Definitely not. All the missing features from the initial launch have been added. So in it’s current form, YNAB covers all the main bases. It does everything most users will need from a budgeting app. I still haven’t found a budgeting app that’s as polished and tailor made for budgeting as YNAB.
Once you understand it’s methodology and how to use the app, you come to appreciate how well built the app is. Everything fits like a glove (with the exception of carrying over negative balances). ;) Where other budgeting apps feel like Honda Accords (they get the job done), YNAB feels like a Ferrari (it’s pretty and high-performing).
While I was initially hesitant to move full-time to YNAB when it was first released, I’ve done so now and have been using the web-based version for a year.
With a year’s worth of usage, I can say YNAB adds enough value to justify the recurring expense. The key features for me are:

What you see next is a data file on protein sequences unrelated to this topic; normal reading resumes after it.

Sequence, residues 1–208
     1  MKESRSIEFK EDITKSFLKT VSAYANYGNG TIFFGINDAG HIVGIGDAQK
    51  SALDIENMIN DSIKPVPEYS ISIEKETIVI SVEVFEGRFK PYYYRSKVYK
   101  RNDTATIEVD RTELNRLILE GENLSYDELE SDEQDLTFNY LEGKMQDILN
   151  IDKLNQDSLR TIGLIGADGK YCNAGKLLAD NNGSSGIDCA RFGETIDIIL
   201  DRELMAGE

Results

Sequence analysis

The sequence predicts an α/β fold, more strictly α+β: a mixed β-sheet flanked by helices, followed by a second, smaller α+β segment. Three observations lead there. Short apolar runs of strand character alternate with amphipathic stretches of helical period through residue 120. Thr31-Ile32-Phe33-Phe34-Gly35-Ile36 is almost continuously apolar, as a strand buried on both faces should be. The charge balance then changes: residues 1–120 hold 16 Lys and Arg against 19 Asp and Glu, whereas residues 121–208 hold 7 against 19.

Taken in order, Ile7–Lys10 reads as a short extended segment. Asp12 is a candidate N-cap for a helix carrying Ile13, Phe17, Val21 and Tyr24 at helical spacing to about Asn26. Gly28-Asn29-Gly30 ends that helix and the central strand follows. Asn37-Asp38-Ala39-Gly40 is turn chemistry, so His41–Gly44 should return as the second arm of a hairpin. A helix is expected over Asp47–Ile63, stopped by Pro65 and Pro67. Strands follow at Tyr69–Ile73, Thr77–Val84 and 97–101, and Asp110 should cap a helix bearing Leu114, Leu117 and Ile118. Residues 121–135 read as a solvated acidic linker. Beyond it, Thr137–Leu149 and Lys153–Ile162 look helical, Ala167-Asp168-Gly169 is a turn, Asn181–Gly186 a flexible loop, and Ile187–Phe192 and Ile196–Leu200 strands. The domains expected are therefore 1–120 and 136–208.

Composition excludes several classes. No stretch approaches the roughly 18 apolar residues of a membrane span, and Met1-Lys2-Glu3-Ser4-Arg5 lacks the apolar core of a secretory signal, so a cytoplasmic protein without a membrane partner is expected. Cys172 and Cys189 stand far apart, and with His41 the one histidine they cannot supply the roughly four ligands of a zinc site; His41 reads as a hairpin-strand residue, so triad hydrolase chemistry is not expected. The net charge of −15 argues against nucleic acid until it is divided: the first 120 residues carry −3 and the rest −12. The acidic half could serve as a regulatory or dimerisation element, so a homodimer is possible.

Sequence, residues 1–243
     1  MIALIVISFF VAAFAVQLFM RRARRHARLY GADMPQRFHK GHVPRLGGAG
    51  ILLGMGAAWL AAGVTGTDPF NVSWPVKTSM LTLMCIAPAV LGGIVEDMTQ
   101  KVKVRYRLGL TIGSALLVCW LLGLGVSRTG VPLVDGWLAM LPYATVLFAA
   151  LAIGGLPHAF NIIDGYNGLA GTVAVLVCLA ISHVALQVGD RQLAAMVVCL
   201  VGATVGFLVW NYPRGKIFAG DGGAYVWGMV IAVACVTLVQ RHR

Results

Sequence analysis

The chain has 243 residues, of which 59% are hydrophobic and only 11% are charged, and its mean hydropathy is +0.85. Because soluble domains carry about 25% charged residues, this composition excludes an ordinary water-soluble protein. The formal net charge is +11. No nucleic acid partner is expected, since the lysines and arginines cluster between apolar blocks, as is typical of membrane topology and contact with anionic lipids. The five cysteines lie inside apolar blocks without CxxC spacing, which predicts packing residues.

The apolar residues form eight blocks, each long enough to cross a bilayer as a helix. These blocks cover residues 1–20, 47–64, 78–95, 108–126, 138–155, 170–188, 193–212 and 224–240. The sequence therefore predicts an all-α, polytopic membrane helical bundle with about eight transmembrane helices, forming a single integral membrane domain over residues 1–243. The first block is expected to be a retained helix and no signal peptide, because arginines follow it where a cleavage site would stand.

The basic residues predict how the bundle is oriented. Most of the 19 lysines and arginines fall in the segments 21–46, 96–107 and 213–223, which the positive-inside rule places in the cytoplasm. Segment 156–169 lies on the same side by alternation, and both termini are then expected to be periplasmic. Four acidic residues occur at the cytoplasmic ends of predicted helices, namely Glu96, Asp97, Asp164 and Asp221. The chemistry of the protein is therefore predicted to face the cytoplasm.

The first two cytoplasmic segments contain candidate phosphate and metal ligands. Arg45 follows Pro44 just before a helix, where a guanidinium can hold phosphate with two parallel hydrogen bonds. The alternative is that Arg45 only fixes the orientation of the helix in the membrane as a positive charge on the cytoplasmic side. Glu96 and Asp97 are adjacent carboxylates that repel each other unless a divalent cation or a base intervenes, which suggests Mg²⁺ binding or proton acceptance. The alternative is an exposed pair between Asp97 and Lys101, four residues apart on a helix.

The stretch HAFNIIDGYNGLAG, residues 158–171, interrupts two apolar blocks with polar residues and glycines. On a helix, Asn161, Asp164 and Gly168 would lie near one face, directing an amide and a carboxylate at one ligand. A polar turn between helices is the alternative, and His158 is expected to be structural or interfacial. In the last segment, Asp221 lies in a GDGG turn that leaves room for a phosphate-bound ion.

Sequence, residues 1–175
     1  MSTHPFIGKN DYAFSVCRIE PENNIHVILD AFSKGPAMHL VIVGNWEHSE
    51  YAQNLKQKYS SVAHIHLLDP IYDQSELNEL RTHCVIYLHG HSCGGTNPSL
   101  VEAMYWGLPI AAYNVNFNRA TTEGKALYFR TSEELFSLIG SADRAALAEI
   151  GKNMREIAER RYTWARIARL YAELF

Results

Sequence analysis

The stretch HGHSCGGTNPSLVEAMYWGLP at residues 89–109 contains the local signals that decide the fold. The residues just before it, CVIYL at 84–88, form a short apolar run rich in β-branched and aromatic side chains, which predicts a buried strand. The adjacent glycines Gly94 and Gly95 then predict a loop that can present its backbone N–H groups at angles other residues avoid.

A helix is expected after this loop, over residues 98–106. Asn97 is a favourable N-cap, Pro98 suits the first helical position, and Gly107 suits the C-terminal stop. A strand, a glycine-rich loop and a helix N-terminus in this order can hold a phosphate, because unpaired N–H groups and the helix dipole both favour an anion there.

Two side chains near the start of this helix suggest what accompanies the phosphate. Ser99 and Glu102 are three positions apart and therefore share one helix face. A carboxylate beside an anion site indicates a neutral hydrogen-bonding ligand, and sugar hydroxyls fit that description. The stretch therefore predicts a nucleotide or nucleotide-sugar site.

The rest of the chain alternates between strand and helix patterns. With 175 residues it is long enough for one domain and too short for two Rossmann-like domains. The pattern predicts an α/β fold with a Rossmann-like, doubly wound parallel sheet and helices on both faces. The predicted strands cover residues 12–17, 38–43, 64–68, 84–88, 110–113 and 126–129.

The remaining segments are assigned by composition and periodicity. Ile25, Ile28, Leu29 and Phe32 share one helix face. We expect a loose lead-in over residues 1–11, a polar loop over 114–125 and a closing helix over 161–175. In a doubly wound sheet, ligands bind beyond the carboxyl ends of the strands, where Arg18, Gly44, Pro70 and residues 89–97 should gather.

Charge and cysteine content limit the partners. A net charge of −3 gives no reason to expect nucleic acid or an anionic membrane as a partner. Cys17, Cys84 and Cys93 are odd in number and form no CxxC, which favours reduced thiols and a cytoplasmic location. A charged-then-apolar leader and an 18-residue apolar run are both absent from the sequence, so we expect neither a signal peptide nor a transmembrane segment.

- Goals make it easier to remember and know how much to budget to hit my savings goals.
- Quicker reconciling because of auto-importing of transactions. Seriously, a big time saver.
- Quick budget options like budgeting the average amount spent over the last year in a category.
- A better iPhone app with budgeting capabilities.
While YNAB 4’s iPhone app was great, it only let you add transactions. The current YNAB app has 90% feature parity with the web version. Meaning you can do all your budgeting from your phone if you want. I still prefer using a computer for most of my budgeting, but the new app is nice for some things (namely, approving imported transactions and covering overspending quickly after adding a transaction).
Would I recommend YNAB over Mint or Dave Ramsey’s EveryDollar?
Absolutely. Even though YNAB is a relatively young product, it’s already a much better budgeting tool than Mint or EveryDollar.
You can read my review of YNAB4 and EveryDollar to get a better idea of where I feel EveryDollar falls short. And don’t get me started on Mint. I wouldn’t touch Mint (for budgeting) with a ten foot pole. It’s so commercialized (designed to sell you stuff) and was definitely not built for budgeting.
Not to mention, no other company has more comprehensive budgeting classes, guides, and resources. This is one thing I love about the company. They are passionate about helping people gain control of their money.
Should YNAB 4 users upgrade to YNAB?
Tough call. I’d say yes for most users. In my opinion, it’s better to upgrade sooner rather than later.